How to Create the Appropriate Tone in Business Communications

Appropriate Tone in Business Communications

Written communication is vastly different from verbal communication, especially in a business environment. Written communication has room for deliberation, revision, and correction, a luxury that verbal communication does not provide. Always review and proofread your own business writing for grammar, punctuation and spelling mistakes, because once a written document such as an e-mail, letter, or memorandum has been sent, your communication is saved for posterity. You cannot correct or improve upon it once it has been dispatched.

Tone and language are tricky things to deal with when it comes to written communication. When you talk to someone, the person's body language, tone of voice, intonations, eye contact, pitch, and general demeanor give you essential clues about what the other person is feeling. You modify what you are saying based upon these clues. In written communication, this instant give-and-take of nonverbal signals is not possible. In written communication, it is intuitiveness and instinct, coupled with an eye for detail, that can help you deliver your message effectively. Achieving the effect that a verbal exchange has on other people is possible in written communication; it is known as tone.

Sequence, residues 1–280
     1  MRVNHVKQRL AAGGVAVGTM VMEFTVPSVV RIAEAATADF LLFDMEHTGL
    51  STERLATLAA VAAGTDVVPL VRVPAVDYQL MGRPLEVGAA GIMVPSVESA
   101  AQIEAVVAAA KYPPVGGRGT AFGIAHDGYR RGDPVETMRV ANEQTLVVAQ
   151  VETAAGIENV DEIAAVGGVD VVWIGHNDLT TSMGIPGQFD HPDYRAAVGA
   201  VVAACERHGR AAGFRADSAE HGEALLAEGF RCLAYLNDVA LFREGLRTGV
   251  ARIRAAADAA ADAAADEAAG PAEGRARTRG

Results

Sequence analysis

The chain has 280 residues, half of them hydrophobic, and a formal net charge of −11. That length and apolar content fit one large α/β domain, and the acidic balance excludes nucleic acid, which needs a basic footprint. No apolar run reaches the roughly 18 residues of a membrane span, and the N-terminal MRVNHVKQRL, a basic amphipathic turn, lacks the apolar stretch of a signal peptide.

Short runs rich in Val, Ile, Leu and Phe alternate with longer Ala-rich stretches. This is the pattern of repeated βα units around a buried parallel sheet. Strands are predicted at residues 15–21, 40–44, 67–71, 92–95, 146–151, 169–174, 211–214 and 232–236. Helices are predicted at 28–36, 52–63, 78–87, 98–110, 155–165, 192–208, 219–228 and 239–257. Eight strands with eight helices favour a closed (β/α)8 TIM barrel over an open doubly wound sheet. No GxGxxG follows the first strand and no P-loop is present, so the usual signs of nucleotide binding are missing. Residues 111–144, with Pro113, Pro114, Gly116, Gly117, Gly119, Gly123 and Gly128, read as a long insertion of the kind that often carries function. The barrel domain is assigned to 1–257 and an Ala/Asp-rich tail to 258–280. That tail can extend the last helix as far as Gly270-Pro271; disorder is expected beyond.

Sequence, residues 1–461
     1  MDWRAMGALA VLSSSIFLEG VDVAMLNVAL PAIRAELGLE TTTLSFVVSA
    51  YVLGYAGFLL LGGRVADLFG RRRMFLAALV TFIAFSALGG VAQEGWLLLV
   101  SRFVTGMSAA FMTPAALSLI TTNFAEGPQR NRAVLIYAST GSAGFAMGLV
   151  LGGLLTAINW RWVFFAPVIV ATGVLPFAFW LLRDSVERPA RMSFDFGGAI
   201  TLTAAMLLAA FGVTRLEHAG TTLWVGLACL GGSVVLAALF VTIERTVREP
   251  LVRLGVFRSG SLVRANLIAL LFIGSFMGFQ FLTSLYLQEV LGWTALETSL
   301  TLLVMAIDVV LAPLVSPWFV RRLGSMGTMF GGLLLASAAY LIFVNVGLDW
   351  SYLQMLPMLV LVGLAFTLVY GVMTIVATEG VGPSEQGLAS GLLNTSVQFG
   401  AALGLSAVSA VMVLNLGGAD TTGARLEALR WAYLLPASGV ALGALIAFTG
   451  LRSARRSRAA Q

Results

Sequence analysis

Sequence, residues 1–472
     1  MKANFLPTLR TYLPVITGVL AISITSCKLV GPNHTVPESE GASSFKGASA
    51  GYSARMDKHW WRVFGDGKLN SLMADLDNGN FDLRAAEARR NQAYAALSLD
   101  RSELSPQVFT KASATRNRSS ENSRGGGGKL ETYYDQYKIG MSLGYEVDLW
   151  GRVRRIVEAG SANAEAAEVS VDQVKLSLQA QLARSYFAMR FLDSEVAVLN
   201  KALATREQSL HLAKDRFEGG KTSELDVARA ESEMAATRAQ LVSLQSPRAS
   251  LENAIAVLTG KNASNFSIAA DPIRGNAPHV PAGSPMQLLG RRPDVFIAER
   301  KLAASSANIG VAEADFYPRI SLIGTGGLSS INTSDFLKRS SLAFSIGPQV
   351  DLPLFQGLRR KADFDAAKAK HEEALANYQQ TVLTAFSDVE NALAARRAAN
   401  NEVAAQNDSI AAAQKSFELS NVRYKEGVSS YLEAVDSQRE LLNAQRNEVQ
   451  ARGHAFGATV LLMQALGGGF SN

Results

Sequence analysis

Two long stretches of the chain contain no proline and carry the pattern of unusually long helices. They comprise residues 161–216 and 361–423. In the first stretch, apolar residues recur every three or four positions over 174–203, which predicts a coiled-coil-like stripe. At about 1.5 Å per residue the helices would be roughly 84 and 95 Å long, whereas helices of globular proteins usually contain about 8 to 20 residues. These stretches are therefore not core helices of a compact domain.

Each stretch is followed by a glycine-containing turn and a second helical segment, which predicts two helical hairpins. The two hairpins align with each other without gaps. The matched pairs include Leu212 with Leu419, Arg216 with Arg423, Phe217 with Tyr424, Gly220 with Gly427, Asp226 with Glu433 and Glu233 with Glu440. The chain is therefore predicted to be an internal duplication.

In writing, tone is defined as the writer's attitude toward the reader and the subject of the message. The overall tone of a written message affects the reader just as one's tone of voice affects the listener in everyday exchanges.
As a writer, it is essential that you learn to adjust your tone according to the circumstances. While business communication is more formal, you should know when to be assertive, conversational, cajoling, or apologetic, depending on the situation. For example, if you are writing to an individual reader, chances are that she or he will prefer a more direct, personalized, and friendly tone in your writing. However, when you are writing to a group of seniors, a certain level of professionalism, combined with a conversational style, is recommended.